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First Contact: European Encounters with the New World
Course code: ELCS6055
Tutor: Dr T Maus de Rolley
Mode of Assessment: 3 hour desk examination
Term: taught in term 2
Columbus’s landfall on a Caribbean island, on 12 October 1492, was the starting point of a process that shook the foundations of the European world. The ‘discovery’ of America opened up new territory for the European expansion and colonisation overseas, and together with the exploration of Africa and the East Indies, dramatically reshaped the Renaissance geographical imagination. But the ‘shock of discovery’ also lay in the radical newness and otherness of the American continent. Suddenly, Europeans – starting with the first explorers – had to deal with lands, animals, plants, peoples, customs and beliefs of which they had had no prior knowledge. Alterity, as an historian puts it, was the fundamental discovery of the Age of Discovery.
In this comparative course, we
will examine a selection of sixteenth-century narratives of discovery, from
Columbus’s logbook (1492-1506) to Jean de Léry’s account of his 1557 journey to
Brazil, amongst the Tupinamba (1578). Though varied in nature and purpose, all
these texts attempt to make sense of this experience of radical alterity and to
convey it to their European readers. They address questions that are
fundamental to Renaissance thought: How to reconcile this new knowledge,
brought by the experience of the world, with the lessons taught by ancient
textual authorities? How to describe the unknown, the radically new? Should the
inhabitants of this transatlantic Other World be considered as noble savages living
in a terrestrial paradise, or as devil-worshippers forgotten by God? What can
the other teach us about ourselves? To what extent does the New World allow to
see the Old World from a decentered and critical perspective? As we shall see,
these Renaissance travel accounts are also, to some extent, tales of adventure,
initiatory narratives filled with wonders and dangers – tempests, famines, wild
animals and cannibal feasts. In that sense, they not only inherit from a literary tradition of imaginary voyages, but also
contribute decisively to renew and enrich it.
- Cristobal Colón [1492-1506], Los cuatro viajes. Testamento, ed. C. Varela (Madrid: Alianza, 1986). English edition: The Four Voyages of Christopher Columbus, ed. J. M. Cohen (London: Penguin Classics, 1969). Read in particular the letters written by Columbus himself: pp. 115-123; 206-226; 265-276; 283-304 (in Cohen's edition).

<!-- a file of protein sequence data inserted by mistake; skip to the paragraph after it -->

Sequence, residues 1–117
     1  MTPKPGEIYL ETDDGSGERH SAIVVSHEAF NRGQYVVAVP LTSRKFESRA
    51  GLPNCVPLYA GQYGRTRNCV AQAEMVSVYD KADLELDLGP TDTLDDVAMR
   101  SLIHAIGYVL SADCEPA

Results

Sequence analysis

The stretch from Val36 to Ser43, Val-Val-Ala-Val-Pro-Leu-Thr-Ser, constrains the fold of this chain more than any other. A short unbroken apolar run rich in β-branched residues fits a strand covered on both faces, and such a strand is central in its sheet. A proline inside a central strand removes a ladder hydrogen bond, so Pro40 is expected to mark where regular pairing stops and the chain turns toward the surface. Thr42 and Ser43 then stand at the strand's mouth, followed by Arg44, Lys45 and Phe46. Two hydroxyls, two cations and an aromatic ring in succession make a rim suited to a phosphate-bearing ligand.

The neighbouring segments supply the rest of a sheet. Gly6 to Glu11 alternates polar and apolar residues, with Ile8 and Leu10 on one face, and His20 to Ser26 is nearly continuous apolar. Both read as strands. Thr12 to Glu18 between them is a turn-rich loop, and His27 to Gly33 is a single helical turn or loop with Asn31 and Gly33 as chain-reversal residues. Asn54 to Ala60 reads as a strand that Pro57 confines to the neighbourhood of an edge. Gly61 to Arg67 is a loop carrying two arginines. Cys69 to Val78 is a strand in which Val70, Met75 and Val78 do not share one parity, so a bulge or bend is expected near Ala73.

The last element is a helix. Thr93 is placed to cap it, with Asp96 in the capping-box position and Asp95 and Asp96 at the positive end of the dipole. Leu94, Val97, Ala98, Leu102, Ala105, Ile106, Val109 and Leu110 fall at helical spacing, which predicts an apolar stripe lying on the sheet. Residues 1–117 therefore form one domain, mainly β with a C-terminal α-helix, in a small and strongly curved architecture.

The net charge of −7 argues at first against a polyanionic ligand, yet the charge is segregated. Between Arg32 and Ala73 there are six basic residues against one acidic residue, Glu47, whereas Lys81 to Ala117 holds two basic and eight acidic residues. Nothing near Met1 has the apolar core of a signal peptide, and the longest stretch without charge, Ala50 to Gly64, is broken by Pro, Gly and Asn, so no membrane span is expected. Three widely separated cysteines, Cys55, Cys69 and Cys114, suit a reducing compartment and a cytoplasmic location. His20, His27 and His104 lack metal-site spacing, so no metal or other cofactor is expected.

- Antonio Pigafetta [c. 1525], Relazione del primo viaggio attorno al mondo, ed. A. Canova (Padova: Antenore, 1999). English edition: Antonio Pigafetta, The First Voyage Around the World, 1519-1522: An Account of Magellan’s Expedition, ed. T. J. Cachey Jr (Toronto: University of Toronto Press, 2007).
- Jacques Cartier , Voyages au Canada, suivis du Voyage de Roberval, ed. M.-H. Fraïssé (Montréal: Comeau & Nadeau; Marseille: Agone, 2000). English edition: The Voyages of Jacques Cartier, ed. and transl. R. Cook (Toronto, University of Toronto Press, 1993). Read the account of the second voyage (1535-1536). Note that an English translation of Cartier's Voyages will be available in PDF format on the course's Moodle page -- as well as a French version.
- Hans Staden , Warhaftige Historia: zwei Reisen nach Brasilien (1548-1555), ed. F. Obermeier (Sao Paulo: Instituto Martius-Staden; Kiel: Westensee Verlag, 2007). English translation: Hans Staden’s True History: An Account of Cannibal Captivity in Brazil, transl. and ed. N. L. Whitehead and M. Harbsmeier (Durham, NC: Duke University Press, 2008). You can also read the 1874 English translation of the text, available here in PDF format.
- Jean de Léry , Histoire d’un voyage faict en la terre du Bresil, ed. F. Lestringant (Paris: Livre de Poche, 1994). English translation: Jean de Léry, History of a Voyage to the Land of Brazil, otherwise called America, transl. J. Whatley (Berkeley: University of California Press, 1990).
Suggested Further Reading:
- Abulafia, David, The Discovery of Mankind: Atlantic Encounters in the Age of Columbus (New Haven: Yale University Press, 2008)
- Certeau, Michel de, ‘Ethno-Graphy. Speech, or the Space of the Other: Jean de Léry’, in The Writing of History, transl. T. Conley (New York: Columbia UP, 1988)
- Grafton, Anthony, New Worlds, Ancient Texts. The Power of Tradition and the Shock of Discovery (The Belknap Press of Harvard University Press, 1992)
- Greenblatt, Stephen, Marvelous Possessions: The Wonder of the New World (Chicago: University of Chicago Press, 1991)
- Greenblatt, Stephen, ed., New World Encounters (Berkeley: University of California Press,1993)
- Hulme, Peter, Colonial Encounters: Europe and the Native Caribbean 1492-1797 (London: Methuen Books, 1986)
- Lestringant, Frank, Cannibals: The Discovery and Representation of the Cannibal fromColumbus to Jules Verne, transl. R. Morris (Berkeley: Univ. of California Press, 1997)
- Lestringant, Frank, Mapping the Renaissance World: The Geographical Imagination in the Age of Discovery, transl. D. Fausset (Cambridge: Polity, 1994)
- Pagden, Anthony, European Encounters with the New World: From Renaissance to Romanticism (New Haven: Yale University Press, 1993)
- Raman, Shankar, Renaissance Literature and Postcolonial Studies (Edinburgh: EdinburghUP, 2011)
- Todorov, Tzvetan, The Conquest of America: The Question of the Other, transl. R. Howard (New York: Harper & Row, 1999).